• Terminology

• Set: a collection of objects

• Element or Member of a set: an object belonging to the set

• Three ways to designate sets:

• word description

ex: the set of odd counting numbers between 2 and 12

• the listing method

ex: {3, 5, 7, 9, 11}

• set-builder notation

ex: {x | x ∈N, x is odd, and x < 12}

**• Notes**:

• use curly braces to designate sets,

• use commas to separate set elements

• the variable in the set -builder notation doesn’t have to be x.

• use ellipses (. . . ) to indicate a continuation of a pattern

established before the ellipses

ex: {1, 2, 3, 4, . . . , 100}

• N Natural or Counting numbers: {1, 2, 3, . . . }

• W Whole Numbers: {0, 1, 2, 3, . . . }

• I Integers: {. . . , -3, -2, -1, 0, 1, 2, 3, . . . }

• Q Rational numbers :

• - Real Numbers : { x | x is a number that can be written as a

decimal }

• Irrational numbers: { x | x is a real number and x cannot be

written as a quotient of integers }.

Examples are:

• Empty Set: { }

## Notes

• The symbols { x | x . . . } is read "x such that x . . .
has some

property

• The symbol ∈means is "an element of"

• Any rational number can be written as either a

TERMINATING decimal ( like 0.5, 0.333, or 0.8578966)

or a

REPEATING decimal ( like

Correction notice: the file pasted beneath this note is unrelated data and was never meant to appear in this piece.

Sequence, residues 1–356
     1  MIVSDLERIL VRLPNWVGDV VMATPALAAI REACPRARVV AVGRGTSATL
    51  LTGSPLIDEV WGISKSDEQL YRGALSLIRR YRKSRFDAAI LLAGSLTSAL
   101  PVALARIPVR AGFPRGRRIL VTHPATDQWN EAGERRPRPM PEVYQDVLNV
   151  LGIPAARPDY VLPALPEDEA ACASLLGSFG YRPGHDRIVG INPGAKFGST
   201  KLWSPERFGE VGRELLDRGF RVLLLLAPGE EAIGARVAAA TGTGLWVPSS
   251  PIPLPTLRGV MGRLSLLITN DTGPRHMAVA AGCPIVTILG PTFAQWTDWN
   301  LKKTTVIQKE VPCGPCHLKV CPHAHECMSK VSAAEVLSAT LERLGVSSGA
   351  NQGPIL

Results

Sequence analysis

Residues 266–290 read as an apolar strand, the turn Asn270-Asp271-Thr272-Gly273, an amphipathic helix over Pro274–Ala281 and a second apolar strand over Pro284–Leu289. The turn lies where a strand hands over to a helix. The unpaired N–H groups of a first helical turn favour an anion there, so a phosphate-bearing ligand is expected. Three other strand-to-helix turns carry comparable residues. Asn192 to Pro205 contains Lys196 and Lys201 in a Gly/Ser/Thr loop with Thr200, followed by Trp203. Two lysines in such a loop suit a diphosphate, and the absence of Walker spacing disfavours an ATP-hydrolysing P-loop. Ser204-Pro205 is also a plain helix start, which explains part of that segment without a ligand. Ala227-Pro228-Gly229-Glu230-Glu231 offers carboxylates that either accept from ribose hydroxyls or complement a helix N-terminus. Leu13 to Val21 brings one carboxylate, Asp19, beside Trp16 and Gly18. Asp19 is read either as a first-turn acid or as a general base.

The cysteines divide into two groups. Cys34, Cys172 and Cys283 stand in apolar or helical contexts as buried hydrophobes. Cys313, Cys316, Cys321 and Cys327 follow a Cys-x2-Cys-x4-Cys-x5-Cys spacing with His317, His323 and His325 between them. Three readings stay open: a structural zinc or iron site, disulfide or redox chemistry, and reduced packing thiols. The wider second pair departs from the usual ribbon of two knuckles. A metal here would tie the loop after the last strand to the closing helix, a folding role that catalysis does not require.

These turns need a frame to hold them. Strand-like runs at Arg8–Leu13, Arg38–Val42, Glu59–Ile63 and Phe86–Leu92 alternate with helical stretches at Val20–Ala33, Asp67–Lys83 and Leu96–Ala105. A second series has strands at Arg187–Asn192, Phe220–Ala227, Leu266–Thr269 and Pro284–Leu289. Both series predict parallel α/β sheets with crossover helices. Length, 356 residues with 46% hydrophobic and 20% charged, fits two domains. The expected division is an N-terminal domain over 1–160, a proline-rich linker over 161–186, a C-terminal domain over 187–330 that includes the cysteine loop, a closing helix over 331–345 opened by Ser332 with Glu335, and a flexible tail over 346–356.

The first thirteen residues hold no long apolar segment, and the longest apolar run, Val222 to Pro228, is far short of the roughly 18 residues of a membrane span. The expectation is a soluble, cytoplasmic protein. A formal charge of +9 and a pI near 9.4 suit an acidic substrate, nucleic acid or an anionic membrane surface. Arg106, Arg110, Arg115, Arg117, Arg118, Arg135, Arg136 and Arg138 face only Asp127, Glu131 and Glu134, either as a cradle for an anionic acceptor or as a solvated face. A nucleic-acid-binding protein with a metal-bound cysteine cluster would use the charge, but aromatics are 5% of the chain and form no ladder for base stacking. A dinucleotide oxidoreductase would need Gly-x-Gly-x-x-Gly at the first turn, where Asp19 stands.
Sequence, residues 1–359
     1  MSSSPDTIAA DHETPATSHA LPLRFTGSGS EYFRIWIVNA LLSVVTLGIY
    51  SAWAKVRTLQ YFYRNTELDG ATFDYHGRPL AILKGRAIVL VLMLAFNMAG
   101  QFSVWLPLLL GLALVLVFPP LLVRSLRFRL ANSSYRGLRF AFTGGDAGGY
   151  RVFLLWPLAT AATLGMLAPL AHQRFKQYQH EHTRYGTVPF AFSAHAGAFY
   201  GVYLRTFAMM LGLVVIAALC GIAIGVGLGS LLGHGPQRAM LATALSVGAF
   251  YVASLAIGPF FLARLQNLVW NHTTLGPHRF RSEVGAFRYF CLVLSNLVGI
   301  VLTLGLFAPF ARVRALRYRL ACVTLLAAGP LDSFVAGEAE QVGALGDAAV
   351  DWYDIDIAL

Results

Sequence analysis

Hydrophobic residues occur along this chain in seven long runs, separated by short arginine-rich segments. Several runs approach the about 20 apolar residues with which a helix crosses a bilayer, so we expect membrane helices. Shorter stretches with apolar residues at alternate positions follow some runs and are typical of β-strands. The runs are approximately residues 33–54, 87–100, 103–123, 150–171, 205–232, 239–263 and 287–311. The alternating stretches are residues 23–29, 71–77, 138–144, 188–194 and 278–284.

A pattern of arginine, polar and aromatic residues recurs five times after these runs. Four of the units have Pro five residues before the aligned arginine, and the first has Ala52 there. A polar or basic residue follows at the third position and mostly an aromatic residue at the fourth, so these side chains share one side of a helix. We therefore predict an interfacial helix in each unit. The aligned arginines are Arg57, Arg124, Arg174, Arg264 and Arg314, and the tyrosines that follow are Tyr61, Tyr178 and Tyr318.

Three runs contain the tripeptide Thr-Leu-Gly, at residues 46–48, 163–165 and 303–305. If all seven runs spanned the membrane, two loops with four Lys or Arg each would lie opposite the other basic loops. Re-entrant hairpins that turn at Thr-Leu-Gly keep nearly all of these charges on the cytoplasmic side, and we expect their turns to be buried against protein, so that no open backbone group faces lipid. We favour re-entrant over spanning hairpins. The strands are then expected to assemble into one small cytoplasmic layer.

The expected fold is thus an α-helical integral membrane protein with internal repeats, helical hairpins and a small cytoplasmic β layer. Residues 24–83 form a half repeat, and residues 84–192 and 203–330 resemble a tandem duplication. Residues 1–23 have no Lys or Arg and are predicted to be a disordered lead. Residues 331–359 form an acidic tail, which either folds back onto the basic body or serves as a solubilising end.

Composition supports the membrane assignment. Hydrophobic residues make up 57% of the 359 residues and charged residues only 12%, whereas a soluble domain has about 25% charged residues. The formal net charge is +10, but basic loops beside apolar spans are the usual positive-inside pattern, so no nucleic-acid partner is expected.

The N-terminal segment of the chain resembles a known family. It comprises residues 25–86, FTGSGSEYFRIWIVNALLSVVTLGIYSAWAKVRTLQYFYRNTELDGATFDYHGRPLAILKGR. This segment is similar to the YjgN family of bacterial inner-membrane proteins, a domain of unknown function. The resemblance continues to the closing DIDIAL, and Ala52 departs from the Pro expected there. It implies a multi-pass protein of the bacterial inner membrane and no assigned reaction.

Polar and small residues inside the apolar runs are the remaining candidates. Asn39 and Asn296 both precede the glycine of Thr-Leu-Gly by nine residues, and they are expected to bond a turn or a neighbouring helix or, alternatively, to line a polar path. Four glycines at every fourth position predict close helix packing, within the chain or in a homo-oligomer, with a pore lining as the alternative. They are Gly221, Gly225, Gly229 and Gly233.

• The decimal representation of an irrational number never

terminates and never repeats

• The set { } is not empty, but is a set which contains the empty

set

## Set Cardinality

• Cardinality of a set: the number of distinct elements in
the set

• textbook: n(A) - or we can use |A|

• If the cardinality of a set is a particular whole number, we call

that set a finite set

• If a set is too large to ever finish the counting process, it is called

an infinite set

• Well-Defined set: one for which we can determine
membership,

i.e., given any arbitrary value we can determine conclusively

whether or not that value is in the set

## Set Membership

• Well-Defined means that given a set and an object, we
can

determine if the set contains that object

## Set Equality

• Set Equality: the sets A and B are equal (written A = B)
provided:

• every element of A is an element of B, and

• every element of B is an element of A

i.e., if they contain exactly the same elements